Video: Dr. Allison Arwady, Chicago Department of Public Health commissioner, joins us with the latest on COVID-19.
All three of Chicago’s St. Patrick’s Day parades scheduled for this weekend have been postponed due concerns over the novel coronavirus.
The decision to delay the downtown Chicago St. Patrick’s Day parade, dyeing of the Chicago River, South Side Irish Parade and Northwest Side Irish parade was made out of an abundance of caution, Mayor Lori Lightfoot said Wednesday morning. No details were provided about when the events would be rescheduled.
“As you might imagine, this was not an easy decision and we do not take it lightly,” Lightfoot said. “We were mindful of the impact the event has on the city and communities, (but) nonetheless, like cities across the nation, we’ve concluded the parade at this time posed an unnecessary (risk),” she said.
The festive events have been held in Chicago for decades and draw thousands of people from all parts of the city, region and across the country.
“We all know what St. Patrick’s Day celebrations mean to all of us in Chicago, but we as elected leaders can’t take any chances with the public health of our residents,” Gov. J.B. Pritzker said Wednesday morning. “Because of what we’ve seen nationally and across the world with the increased risk of large gatherings, this is the right call.”
In Illinois, 25 people have tested positive for COVID-19, including at least one person who did not travel to an affected area or have contact with a known COVID-19 case. The majority of cases are in Cook County and one each has been reported in Kane, McHenry and Lake counties, according to officials.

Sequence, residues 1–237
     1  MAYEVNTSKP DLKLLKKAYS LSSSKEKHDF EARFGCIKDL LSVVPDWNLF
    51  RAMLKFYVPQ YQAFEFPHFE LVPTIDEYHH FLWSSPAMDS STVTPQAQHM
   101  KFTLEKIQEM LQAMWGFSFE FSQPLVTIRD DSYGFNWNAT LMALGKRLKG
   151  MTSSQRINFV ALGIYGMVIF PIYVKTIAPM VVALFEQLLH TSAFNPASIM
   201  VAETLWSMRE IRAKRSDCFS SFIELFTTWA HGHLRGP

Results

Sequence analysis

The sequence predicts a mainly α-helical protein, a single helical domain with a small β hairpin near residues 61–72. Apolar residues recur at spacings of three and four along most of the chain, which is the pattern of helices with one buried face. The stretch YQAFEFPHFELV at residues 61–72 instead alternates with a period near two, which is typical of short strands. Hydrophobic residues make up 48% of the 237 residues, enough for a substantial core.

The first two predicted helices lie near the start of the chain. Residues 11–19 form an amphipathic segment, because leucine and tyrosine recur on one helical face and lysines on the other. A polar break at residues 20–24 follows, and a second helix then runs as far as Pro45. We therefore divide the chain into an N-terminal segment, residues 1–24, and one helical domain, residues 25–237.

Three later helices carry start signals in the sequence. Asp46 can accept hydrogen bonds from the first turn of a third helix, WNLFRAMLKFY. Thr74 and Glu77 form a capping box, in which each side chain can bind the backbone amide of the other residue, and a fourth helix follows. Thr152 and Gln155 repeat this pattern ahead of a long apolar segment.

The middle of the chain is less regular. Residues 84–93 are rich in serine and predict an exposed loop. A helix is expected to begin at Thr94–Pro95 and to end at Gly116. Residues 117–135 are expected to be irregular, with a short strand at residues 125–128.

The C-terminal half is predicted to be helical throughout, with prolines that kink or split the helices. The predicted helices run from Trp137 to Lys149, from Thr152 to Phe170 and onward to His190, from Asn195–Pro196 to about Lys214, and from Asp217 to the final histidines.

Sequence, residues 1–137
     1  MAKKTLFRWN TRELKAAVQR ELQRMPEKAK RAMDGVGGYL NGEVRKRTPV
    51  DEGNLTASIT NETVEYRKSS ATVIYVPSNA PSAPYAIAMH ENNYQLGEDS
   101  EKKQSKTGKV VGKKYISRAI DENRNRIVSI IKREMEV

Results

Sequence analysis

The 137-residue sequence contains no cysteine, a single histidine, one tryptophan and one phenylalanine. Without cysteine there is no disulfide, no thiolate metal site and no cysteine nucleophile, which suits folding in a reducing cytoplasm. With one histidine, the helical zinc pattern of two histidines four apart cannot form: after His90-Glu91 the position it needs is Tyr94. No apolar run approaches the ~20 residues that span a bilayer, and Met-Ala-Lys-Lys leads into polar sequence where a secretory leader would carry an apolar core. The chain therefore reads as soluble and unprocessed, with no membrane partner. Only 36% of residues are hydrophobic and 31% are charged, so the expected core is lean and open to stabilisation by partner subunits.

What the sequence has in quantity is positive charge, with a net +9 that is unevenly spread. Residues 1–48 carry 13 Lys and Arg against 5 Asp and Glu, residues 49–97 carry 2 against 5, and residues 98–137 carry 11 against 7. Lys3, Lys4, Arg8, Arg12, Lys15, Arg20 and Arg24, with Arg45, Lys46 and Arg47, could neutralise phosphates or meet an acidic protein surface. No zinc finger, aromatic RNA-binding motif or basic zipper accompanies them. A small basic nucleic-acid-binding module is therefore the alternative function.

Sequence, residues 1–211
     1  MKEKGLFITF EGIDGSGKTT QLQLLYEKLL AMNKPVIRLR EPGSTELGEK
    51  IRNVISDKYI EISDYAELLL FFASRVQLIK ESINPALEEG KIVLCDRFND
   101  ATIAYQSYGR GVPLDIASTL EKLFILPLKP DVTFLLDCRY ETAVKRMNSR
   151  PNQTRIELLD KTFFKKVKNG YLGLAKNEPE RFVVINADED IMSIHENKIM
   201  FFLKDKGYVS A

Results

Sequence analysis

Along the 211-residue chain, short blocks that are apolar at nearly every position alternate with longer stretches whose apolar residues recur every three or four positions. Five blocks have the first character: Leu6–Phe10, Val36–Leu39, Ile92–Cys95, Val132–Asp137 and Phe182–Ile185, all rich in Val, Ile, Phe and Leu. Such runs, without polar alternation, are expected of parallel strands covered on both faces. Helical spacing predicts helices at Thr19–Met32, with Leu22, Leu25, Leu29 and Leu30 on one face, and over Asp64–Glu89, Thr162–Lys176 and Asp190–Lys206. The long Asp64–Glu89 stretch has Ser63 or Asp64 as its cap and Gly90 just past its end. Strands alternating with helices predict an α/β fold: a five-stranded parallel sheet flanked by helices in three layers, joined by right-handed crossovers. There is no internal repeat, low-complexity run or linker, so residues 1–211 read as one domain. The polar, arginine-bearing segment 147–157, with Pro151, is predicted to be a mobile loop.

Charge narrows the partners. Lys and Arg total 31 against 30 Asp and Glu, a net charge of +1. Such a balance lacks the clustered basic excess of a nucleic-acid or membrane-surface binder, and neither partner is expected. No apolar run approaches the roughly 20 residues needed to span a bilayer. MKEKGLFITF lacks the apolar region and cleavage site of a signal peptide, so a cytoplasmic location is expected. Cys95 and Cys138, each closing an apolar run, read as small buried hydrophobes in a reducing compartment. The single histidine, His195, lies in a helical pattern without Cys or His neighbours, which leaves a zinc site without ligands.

“Now that we’ve reached new cases of coronavirus community spread, we have to make every effort to minimize further spread as best we can,” Pritzker said.
But the virus is not spreading widely in Chicago or Illinois, says Chicago Department of Public Health Commissioner Dr. Allison Arwady, who agreed with the decision to postpone the events. “It’s not a decision that was taken lightly, but it is in line with what we know about this virus,” she said.
Large gatherings like parades lead to people being in close contact with one another. That’s the ideal setting for COVID-19 to spread, Arwady says.
“When people travel, they do bring their germs with them, and events like this also bring a lot of people into close contact with each other, and close contact is being within 6 feet (of someone) for more than 10 minutes,” she said. “We don’t want to accelerate the risk of the virus spreading unnecessarily.”
Officials haven’t made any decisions about canceling or postponing other large upcoming events, including next weekend’s Shamrock Shuffle race, the Chicago Fire’s first home match at Soldier Field and opening day for both the Chicago White Sox and Cubs. Officials say they are having regular conversations with event organizers and will make decisions based on the local situation as it relates to the coronavirus.
Coronaviruses are respiratory viruses that range from the common cold to more serious illnesses, like SARS and MERS, and are generally spread via droplets in the air when people cough or sneeze, as happens with the common cold. There is no treatment or vaccine for the virus.
Health officials encourage people to take daily preventive measures to slow the spread of the virus, such as frequent handwashing, routine cleaning of frequently touched surfaces and objects, and covering coughs and sneezes.
Most importantly, officials say, stay home if you’re sick.
“We’re telling people they should stay home if they feel sick for obvious reasons. We want to avoid spread. We recognize in saying that it’ll be hard for some people,” Lightfoot said, adding she hopes employers will understand the uniqueness of this situation.
Officials on Wednesday also strongly urged the elderly and those who have underlying conditions to refrain from attending large gatherings – even those held at private homes – because of the risk of infection from COVID-19 and other illnesses, such as the flu.